08 December 2017

Mice without Alzheimer's disease

Scientists: gene blocking protected mice from developing Alzheimer's disease

RIA News

Suppression of the APOE gene associated with Alzheimer's disease protected mice from memory loss and further destruction of nervous tissue, doctors say in an article published in the journal Neuron (Huynh et al., Age-Dependent Effects of apoE Reduction Using Antisense Oligonucleotides in a Model of β-amyloidosis).

"Our colleagues have long been interested in the role of APOE in the development of the disease, but in recent years they have conducted very few experiments in which they tried to suppress its work. We have shown that APOE is not just involved in the development of Alzheimer's disease, but that it can be used as a "target" for its treatment," said David Holtzman from Washington University in St. Louis (USA).

The APOE gene and protein are some of the most important molecules in brain cells and other parts of the body related to the metabolism and circulation of cholesterol and fatty acids in the body. Mutations in this gene, as recent genetic studies show, are associated with the development of Alzheimer's disease, atherosclerosis and some other diseases.

For example, the APOE4 mutation, which is present in the genome of about 10% of the world's inhabitants, increases the likelihood of developing Alzheimer's disease three times. The presence of such a mutation in two copies of APOE increases the chances of acquiring this disease by 12 times and makes the onset of Alzheimer's disease almost inevitable.

Holtzman and his colleagues discovered a new way to fight Alzheimer's disease by observing the work of brain cells of mice that were carriers of two copies of APOE4. These mutations, as scientists believe today, accelerate the accumulation of "protein debris" in the neurons of the brain and cause it to unite into beta-amyloid plaques that interfere with the normal work and life of nerve cells and gradually kill them.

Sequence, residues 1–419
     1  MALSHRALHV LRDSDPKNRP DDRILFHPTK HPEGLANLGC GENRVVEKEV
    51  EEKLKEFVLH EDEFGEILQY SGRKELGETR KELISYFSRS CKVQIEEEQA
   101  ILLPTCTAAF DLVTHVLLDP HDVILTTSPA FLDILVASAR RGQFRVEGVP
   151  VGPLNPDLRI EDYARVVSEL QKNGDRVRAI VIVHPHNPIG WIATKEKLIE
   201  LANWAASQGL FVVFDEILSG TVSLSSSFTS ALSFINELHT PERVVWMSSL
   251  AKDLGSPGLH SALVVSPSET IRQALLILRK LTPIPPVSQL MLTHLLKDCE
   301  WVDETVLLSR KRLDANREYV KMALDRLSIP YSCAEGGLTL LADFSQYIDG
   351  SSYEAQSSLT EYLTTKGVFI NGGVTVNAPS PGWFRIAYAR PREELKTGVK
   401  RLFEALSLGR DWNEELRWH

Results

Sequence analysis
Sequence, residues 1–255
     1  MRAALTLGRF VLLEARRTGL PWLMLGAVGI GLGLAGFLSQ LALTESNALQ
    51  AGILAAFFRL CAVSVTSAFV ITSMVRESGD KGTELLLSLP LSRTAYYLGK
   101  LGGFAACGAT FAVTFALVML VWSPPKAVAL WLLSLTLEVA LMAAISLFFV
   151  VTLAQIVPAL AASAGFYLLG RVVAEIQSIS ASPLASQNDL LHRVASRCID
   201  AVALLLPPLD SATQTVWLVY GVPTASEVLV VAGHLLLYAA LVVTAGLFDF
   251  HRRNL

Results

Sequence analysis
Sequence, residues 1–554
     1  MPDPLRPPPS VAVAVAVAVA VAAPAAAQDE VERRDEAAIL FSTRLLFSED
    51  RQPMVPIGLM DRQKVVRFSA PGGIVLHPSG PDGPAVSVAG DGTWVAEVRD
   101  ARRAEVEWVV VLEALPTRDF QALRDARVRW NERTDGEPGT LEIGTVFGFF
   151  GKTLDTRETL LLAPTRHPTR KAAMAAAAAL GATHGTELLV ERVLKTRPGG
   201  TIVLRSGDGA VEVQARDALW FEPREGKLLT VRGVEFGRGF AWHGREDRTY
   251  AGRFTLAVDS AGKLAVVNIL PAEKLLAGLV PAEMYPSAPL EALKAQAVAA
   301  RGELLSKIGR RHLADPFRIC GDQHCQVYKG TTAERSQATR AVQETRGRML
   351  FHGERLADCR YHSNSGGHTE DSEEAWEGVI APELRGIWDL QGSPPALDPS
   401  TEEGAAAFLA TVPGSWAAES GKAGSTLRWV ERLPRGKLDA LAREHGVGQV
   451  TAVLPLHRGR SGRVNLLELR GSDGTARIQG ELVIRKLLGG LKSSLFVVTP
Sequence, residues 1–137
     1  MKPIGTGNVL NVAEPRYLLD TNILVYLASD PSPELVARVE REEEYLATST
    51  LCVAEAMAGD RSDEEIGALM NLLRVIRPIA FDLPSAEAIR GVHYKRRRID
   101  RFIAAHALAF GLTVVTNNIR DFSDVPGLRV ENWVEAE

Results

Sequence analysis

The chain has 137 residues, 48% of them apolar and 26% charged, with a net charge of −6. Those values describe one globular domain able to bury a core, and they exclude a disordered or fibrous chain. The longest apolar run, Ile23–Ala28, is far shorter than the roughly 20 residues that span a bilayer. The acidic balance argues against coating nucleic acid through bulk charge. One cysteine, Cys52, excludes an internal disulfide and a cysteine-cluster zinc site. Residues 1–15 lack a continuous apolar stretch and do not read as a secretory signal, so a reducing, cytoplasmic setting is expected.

The scientists decided to test what would happen if the gene was blocked by using special short DNA molecules that prevent the cell from reading this part of the genome and producing APOE protein molecules. After growing several dozen mice, the scientists divided them into two groups and began to regularly inject large doses of these molecules into their bodies.

Half of the mice, as Holtzman says, received such injections from the first day of their lives, when they did not suffer from Alzheimer's disease, and the rest of their relatives – only four months later, when a sufficient amount of "protein garbage" had already accumulated in their brains.

As this experiment has shown, blocking the work of APOE does prevent the development of Alzheimer's disease, but it only works if this procedure is started before its visible traces appear.

This was expressed in the fact that the brains of mice who received injections of medication from the beginning of life did not contain large accumulations of "protein debris" even at the 8th month of life, whereas their relatives from the second group continued to suffer from Alzheimer's disease even after blocking APOE.


Amyloid plaques on the brain slices of the experimental mouse (above) and the mouse from the control group. A snapshot of Tien-Phat Huynh from Alzheimer's damage in mice reduced with compound that targets APOE gene – VM.

On the other hand, the drug was still able to slow down the development of the disease and protect mice from the most unpleasant consequences of its appearance in both cases.

This fact, according to doctors, suggests that APOE plays a key role in the early stages of the development of the disease, and subsequent changes in the work of brain neurons are already associated with other proteins and DNA sites.

"Blocking APOE stops the development of Alzheimer's disease only if we start it before the first protein plaques appear. On the other hand, even if they have arisen, such therapy reduces the harm they cause to brain cells. It remains to figure out how to create a drug that can do the same and not interfere with the work of other parts of the body," concludes Holtzman.

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